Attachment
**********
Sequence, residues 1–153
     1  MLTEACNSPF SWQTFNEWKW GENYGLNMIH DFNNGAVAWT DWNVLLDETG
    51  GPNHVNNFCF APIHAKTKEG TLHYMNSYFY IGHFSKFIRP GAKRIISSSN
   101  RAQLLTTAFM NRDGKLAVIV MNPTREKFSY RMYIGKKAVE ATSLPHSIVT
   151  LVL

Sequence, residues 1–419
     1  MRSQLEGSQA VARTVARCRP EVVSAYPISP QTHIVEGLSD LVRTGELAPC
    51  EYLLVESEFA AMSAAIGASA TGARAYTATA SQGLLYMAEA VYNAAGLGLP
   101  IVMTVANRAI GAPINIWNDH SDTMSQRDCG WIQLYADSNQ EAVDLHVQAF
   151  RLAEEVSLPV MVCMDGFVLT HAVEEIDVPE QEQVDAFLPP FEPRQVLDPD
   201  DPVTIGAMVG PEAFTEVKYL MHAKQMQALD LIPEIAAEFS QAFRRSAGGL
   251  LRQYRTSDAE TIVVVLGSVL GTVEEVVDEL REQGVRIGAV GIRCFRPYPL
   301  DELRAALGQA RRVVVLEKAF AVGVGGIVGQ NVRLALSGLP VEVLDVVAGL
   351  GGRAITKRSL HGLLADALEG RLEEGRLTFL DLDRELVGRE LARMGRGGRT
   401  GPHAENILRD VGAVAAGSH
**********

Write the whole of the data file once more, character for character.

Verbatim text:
Sequence, residues 1–153
     1  MLTEACNSPF SWQTFNEWKW GENYGLNMIH DFNNGAVAWT DWNVLLDETG
    51  GPNHVNNFCF APIHAKTKEG TLHYMNSYFY IGHFSKFIRP GAKRIISSSN
   101  RAQLLTTAFM NRDGKLAVIV MNPTREKFSY RMYIGKKAVE ATSLPHSIVT
   151  LVL

Sequence, residues 1–419
     1  MRSQLEGSQA VARTVARCRP EVVSAYPISP QTHIVEGLSD LVRTGELAPC
    51  EYLLVESEFA AMSAAIGASA TGARAYTATA SQGLLYMAEA VYNAAGLGLP
   101  IVMTVANRAI GAPINIWNDH SDTMSQRDCG WIQLYADSNQ EAVDLHVQAF
   151  RLAEEVSLPV MVCMDGFVLT HAVEEIDVPE QEQVDAFLPP FEPRQVLDPD
   201  DPVTIGAMVG PEAFTEVKYL MHAKQMQALD LIPEIAAEFS QAFRRSAGGL
   251  LRQYRTSDAE TIVVVLGSVL GTVEEVVDEL REQGVRIGAV GIRCFRPYPL
   301  DELRAALGQA RRVVVLEKAF AVGVGGIVGQ NVRLALSGLP VEVLDVVAGL
   351  GGRAITKRSL HGLLADALEG RLEEGRLTFL DLDRELVGRE LARMGRGGRT
   401  GPHAENILRD VGAVAAGSH